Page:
Monday, October 31, 2016

Ghost, Dancing


It's Halloween and I'm feeling whimsical. Please forgive me. And happy Halloween! Have a scary but safe night, everyone.

And, least you forget...

My annual Halloween story, written as usual on leaves, can be found here.

Above: All images copyright 2016 by Michael Swanwick.


Friday, October 28, 2016

Lord Autumn's Game


One of my Facebook friends, and I apologize for not remembering his name but at the time I didn't realize I would need it, commented that his wife doesn't read science fiction or fantasy but does occasionally ask if "the Leaf Guy" has done anything recently. By whom she means me.

The Leaf Guy is a title I am proud to assume. Autumn is my season, Halloween is my holiday (just ask the neighborhood kids!), and fallen leaves are a medium I take a particular pleasure to dabble in.

This year, the summer was dry, autumn came late, the nights were warm, and for a while it looked like I wasn't going to have the bright leaves needed to write a Halloween story on.

But at the last moment they came through.

So the other day Marianne and I wandered through nature preserves and cemeteries, writing on leaves and photographing the results. Beforehand, I had written a four-sentence Halloween story called "Lord Autumn's Game." It came out well, I think.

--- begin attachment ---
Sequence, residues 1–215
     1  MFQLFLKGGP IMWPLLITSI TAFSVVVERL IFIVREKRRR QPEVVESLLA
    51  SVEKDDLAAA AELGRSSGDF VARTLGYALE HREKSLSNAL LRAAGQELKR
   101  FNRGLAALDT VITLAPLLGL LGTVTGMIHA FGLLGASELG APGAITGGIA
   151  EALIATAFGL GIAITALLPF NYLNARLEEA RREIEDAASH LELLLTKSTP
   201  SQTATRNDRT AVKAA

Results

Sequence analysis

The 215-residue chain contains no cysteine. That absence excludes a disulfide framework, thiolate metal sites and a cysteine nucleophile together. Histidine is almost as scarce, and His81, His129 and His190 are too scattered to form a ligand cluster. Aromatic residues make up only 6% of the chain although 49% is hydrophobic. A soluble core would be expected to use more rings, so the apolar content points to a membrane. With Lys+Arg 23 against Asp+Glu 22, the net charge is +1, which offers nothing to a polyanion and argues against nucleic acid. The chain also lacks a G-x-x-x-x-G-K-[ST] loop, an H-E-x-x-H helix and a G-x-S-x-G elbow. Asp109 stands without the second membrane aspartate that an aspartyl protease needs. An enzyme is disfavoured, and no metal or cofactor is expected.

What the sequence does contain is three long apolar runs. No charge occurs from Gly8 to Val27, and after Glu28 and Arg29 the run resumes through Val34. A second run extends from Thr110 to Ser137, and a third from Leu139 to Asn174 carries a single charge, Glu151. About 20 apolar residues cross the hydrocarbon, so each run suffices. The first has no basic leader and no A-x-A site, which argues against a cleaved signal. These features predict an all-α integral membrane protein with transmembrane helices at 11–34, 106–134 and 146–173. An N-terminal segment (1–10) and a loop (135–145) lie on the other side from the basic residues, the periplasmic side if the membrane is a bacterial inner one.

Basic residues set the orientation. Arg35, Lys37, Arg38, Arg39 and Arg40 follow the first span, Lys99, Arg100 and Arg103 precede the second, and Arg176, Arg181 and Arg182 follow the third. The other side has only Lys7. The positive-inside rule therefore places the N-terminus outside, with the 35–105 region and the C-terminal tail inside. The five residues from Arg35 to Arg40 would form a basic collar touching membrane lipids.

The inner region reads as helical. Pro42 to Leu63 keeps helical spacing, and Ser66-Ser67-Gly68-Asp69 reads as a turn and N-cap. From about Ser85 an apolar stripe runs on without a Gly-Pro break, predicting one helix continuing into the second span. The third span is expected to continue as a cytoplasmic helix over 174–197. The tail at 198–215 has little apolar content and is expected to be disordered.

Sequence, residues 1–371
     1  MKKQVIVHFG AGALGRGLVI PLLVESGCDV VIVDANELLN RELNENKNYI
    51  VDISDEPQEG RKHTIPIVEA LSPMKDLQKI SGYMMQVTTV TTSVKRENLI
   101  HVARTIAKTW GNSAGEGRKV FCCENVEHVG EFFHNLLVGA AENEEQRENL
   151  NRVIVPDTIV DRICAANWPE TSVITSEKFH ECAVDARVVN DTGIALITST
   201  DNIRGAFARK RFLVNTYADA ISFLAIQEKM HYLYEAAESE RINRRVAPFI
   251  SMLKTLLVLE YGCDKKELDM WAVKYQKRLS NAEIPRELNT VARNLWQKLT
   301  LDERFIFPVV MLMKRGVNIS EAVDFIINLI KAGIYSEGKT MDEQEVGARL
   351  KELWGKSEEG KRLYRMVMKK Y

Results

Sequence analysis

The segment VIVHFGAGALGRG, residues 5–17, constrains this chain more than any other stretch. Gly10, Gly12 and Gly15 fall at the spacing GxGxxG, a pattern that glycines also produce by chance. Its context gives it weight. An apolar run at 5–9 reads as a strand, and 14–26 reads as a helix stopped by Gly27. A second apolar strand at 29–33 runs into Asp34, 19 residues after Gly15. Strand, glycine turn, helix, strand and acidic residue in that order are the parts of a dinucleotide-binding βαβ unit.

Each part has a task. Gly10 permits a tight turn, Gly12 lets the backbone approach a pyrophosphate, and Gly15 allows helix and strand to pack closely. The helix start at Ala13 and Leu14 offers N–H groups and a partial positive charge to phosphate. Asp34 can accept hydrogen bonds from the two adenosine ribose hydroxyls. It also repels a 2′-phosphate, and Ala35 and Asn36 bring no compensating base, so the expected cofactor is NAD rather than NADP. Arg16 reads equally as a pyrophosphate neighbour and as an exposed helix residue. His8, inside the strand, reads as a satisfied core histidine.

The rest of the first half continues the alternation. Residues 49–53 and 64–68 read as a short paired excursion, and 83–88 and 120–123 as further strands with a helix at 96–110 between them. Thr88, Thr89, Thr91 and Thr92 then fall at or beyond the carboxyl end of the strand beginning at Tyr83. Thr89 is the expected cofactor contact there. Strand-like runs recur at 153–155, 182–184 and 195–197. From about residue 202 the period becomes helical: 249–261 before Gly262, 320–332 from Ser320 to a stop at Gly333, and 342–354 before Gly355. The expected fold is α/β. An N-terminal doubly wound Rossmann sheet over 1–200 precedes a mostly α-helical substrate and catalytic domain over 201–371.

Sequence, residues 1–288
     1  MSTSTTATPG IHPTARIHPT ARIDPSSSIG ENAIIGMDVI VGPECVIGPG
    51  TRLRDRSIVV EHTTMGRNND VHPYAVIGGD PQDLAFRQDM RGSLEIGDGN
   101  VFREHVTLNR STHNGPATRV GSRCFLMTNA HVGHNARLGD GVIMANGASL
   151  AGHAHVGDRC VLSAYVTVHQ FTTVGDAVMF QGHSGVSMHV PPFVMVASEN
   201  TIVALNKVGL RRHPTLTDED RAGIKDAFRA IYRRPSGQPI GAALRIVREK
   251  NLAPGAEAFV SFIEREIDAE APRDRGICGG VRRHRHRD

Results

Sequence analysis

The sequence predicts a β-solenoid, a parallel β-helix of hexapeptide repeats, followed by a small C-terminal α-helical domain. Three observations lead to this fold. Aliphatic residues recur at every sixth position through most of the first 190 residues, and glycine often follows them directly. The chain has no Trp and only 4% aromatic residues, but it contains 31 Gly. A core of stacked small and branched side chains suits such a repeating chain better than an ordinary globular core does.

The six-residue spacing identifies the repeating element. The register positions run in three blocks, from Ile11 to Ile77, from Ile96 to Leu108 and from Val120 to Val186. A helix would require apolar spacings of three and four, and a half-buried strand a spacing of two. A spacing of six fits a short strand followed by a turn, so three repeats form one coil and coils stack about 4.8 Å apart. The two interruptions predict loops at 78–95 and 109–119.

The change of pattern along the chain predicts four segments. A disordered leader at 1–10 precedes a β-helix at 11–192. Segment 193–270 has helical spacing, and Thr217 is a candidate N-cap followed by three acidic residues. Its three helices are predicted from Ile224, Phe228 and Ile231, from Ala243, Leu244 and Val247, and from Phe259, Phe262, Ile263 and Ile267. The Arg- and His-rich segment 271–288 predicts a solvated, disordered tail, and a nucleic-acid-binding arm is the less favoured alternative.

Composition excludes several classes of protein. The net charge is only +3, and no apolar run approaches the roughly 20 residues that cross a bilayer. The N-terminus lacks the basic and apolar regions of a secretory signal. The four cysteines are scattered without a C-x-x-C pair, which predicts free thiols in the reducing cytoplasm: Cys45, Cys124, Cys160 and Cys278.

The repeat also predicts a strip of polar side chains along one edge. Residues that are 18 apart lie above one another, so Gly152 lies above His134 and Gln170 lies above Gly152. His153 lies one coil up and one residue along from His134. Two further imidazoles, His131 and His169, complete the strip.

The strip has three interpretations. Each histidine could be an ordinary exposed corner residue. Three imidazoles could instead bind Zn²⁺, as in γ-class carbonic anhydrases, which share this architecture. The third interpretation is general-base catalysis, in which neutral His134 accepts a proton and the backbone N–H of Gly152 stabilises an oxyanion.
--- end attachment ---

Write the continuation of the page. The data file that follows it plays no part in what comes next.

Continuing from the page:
You can read the story here.


Wednesday, October 26, 2016

An Autumnal Cocktail


Marianne and I were out in the cemetery today and we dropped in to visit our favorite dead couple there, George and Mary Spain. You will note that their grave is inscribed COCKTAILS AT SIX.

It being Autumn, we fixed them a Manhattan. It was Marianne's idea to use a red maple leaf for the cherry.

And you may well wonder...

What were we doing in the cemetery? The answer will be posted here on Friday.


Monday, October 24, 2016

Before The Cat Said Not So Much


Recently, Carl Slaughter asked me to make a few comments about all the collections I've published leading up to this year's highly-praised Not So Much, Said the Cat. The results are up on File 770.

To give you an idea of what the comments are like, here's some of what I had to say about my first collection, Gravity's Angels. Arkham House's editor, the late Jim Turner, used to call me up and say, “Listen, Swanwick, I don’t have time for any of your nonsense. I just need a question answered and that’s the end of it.”